Click here to see the pipers that wandered along the driveway by the creek and are taking a rest.  They came one day and we had never seen them before.  Then they went away and never have returned.

6 PIPERS.wmv 6 PIPERS.wmv
Size : 4802.277 Kb
Type : wmv



“The Common Sandpipers were engaged in territorial fight. The individual that was doing the chasing pounced on its rival (above). The attacker had its wings fully out-stretched and tail fully fanned-out. Beautiful and intricate patterns, normally hidden, were exposed in a glorious display of its plumage. More ‘tail-fanning displays’ were later performed during subsequent interactions between the combative sandpipers. The fanning of tails were found to be in display by both the pursuer and the pursued during the pursuits (below). In addition, to appear intimidating, head would be stooped low and tail cocked or tilted towards its rival.

“A different display would be used when a sandpiper was defending its turf from an intruding bird. In the event of an intruding bird encroaching into its comfort zone, the ‘raised-wings display’ would be triggered. With wings fully out-stretched and raised vertically, the sandpiper would charge at the intruder. A sight to behold, the out-stretched wings would remain fully raised even as it raced towards the intruder (below). Both tail-fanning and raised-wing displays seemed to be expressed for intimidating rivals.

“When displays failed to intimidate, disputes escalated into fights. Only a few sparring sessions observed, but lots of chasing around with most avoiding fights by fleeing. Fights, when occurred, were fast and furious, on the ground or even in mid-air. Bills and feet were used as weapons. Physical contacts were definitely made but fortunately no casualties observed.

Raffles Museum of Biodiversity Research






HAVE you ever read about or seen a nice little bird called the sand-piper, or the summer snipe?

This bird does not make its home in the grove, or build its nest upon the branches of high trees. Near the shore of some lonely lake, upon the bank of some large river, or on the mud flats, marshes, or sandy beach of the ocean, the sand-piper may be seen thrusting its long bill into the mud or the sand in search of the

worms or insects upon which it feeds, or wading along the edge of the water after the insects there to be found.

Celia Thaxter has written a pretty little poem about this bird, and I will give you some of the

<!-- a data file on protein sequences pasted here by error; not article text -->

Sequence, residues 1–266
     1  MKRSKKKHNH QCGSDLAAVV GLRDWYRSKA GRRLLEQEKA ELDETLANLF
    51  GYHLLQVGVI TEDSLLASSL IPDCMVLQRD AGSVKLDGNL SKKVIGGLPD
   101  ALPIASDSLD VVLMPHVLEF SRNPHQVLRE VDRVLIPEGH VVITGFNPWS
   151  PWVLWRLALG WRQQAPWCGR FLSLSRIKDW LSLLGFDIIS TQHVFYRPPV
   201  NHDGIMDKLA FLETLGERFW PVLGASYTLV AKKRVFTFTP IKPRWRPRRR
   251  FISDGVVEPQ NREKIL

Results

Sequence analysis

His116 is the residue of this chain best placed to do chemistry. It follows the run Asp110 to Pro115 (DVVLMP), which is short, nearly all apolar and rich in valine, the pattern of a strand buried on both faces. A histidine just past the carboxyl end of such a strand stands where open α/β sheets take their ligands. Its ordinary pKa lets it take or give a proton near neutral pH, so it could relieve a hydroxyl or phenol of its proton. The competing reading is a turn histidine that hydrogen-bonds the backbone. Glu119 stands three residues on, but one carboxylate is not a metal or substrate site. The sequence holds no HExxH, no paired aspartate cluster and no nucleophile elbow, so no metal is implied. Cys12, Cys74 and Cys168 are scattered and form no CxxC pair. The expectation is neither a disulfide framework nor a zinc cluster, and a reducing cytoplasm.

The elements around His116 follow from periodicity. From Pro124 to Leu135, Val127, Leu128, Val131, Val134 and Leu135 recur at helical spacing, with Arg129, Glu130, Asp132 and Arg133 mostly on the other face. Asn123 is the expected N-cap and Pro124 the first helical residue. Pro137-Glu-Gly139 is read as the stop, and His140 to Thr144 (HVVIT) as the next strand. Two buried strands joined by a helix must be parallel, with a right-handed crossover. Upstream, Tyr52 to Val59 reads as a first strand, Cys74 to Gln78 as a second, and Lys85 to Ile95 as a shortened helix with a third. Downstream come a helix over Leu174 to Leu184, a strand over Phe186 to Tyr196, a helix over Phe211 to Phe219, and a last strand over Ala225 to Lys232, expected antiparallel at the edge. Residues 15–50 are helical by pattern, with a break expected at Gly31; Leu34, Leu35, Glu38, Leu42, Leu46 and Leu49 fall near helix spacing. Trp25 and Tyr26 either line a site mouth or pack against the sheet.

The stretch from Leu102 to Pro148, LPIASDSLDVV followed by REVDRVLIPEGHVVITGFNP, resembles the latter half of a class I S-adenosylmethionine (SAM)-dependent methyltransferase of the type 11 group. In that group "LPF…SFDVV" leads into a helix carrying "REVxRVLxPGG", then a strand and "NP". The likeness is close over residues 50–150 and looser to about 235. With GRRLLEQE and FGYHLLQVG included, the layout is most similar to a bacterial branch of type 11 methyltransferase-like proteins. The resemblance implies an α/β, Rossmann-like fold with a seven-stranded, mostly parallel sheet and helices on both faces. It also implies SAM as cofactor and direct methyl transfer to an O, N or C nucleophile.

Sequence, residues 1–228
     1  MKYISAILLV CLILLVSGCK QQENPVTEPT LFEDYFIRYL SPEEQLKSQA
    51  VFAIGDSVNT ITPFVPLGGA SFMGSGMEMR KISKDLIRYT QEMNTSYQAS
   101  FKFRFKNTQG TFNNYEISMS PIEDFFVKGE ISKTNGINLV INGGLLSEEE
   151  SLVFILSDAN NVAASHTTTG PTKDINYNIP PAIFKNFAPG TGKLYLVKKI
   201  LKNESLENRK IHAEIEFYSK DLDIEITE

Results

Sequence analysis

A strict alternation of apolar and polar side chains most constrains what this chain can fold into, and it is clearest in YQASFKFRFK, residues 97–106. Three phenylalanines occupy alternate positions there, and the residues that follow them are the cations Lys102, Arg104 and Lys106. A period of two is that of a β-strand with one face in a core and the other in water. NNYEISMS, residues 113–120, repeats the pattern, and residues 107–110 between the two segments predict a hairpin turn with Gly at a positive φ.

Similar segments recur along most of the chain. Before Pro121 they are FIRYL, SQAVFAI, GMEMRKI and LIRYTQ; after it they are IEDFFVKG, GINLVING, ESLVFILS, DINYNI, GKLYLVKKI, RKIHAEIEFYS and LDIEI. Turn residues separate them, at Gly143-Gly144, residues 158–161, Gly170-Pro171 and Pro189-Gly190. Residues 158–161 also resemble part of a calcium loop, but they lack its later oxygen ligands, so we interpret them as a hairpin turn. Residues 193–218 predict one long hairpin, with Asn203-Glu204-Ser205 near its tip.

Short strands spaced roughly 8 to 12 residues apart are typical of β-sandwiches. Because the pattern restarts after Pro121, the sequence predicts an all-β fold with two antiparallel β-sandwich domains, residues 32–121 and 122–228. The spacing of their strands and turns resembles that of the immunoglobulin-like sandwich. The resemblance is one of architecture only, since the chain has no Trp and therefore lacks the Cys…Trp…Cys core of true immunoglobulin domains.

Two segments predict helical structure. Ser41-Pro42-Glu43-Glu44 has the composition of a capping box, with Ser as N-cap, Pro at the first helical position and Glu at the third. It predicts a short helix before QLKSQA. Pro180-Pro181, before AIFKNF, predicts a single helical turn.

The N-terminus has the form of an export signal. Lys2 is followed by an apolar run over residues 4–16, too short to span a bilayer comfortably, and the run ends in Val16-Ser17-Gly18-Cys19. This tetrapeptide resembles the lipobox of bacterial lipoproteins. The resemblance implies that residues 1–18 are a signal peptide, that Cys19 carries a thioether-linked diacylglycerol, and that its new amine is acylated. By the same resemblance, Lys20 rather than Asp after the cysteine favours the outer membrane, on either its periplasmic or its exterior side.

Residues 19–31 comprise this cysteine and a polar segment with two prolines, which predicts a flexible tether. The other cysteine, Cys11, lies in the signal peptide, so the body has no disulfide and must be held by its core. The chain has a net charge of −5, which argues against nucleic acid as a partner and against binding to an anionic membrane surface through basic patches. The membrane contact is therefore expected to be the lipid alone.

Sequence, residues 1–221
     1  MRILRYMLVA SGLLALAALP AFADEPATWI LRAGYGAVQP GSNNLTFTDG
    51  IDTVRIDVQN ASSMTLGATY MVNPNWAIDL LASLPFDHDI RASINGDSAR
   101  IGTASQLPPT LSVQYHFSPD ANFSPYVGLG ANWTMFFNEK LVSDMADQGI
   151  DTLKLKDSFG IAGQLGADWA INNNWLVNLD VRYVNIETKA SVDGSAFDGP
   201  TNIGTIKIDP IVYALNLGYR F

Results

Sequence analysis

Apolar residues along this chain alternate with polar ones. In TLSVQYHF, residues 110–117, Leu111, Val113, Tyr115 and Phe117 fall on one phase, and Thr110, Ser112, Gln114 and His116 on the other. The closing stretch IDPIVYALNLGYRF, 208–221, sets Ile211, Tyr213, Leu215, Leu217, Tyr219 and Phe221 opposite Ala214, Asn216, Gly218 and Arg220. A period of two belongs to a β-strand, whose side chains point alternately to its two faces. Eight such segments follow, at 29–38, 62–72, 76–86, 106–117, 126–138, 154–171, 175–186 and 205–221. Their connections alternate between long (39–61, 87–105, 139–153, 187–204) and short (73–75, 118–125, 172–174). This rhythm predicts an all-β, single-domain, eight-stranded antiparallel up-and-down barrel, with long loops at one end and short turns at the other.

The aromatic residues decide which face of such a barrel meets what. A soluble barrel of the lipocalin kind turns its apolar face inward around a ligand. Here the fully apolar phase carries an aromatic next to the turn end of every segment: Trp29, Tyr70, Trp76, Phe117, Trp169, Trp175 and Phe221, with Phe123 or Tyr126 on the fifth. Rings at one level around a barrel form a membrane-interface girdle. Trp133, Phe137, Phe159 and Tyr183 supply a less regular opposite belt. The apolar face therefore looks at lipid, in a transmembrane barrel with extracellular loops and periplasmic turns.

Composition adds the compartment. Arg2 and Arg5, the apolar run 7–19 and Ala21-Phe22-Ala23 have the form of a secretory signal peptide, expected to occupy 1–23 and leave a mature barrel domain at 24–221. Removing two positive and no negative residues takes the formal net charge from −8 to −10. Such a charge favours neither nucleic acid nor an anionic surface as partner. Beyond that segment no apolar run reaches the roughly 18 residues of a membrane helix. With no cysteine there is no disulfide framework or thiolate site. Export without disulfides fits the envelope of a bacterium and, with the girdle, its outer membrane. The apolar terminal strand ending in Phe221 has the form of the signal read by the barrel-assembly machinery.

"Across the narrow beach we flit,

One little sand-piper and I;

And fast I gather, bit by bit,

The scattered driftwood bleached and dry

The wild waves reach their hand for it,

The wild wind raves, the tide runs high,

As up and down the beach we flit,

One little sand-piper and I.

" I watch him as he skims along,

Uttering his sweet and mournful cry;

He starts not at my fitful song

Or flash of fluttering drapery.

He has no thought of any wrong,

He scans me with a fearless eye,

Staunch friends are we,

well-tried and strong,

The little sand-piper and I.

"Comrade, where wilt thou be to-night

When the loosed storm breaks furiously?

My driftwood fire will burn so bright,

To what warm shelter wilt thou fly?

I do not fear for thee, though wroth

The tempest rushes through the sky,

For are we not God's children both,

The little sand-piper and I?"



is the "sweet, mournful cry," as the sand-piper rises from the level sand, in a rapid graceful flight; but near the shore the bird ever stays, for there is its food to be found; and near by is its little nest, by the side of some sheltering rock, or under the shade of some low shrub, or down among the coarse sea grasses,--a small round

hole lined with a bit of grass or heather, with four pretty eggs, the small ends turned toward the center, and so placed that if one is taken out, it can scarcely be fixed in the same position again.

The eggs are so nearly the color of the sand, and the little nest is so securely hidden, it would take a sharp-eyed boy or girl to find them. If the mother bird should see that her nest had been found, she would try by all the means in her power to turn the attention of the intruder upon herself, fluttering along the ground as if a wing were broken and she might become an easy prey, until far away from her precious treasures, then she would rise upon the wing and fly joyfully away.

When the young birds are hatched, like young chickens, they follow their mother here and there in search of food, down into the water, over the sands, across the marshes and the mud-flats, becoming every day larger and better able to fly, until, as the cold of autumn deepens, nature teaches them to fly away across the sea, down to the summer-land.

You will hear the bustle and the noise of their getting ready, but you will not see them go; for they fly away in the night. All along the old places where they used to flit you will miss them; no more "sweet, mournful cry," no more little foot-prints along the water side, until April shall come with her sunshine and her tears, and the cold winter is surely past.



Mrs. Mary Brainard.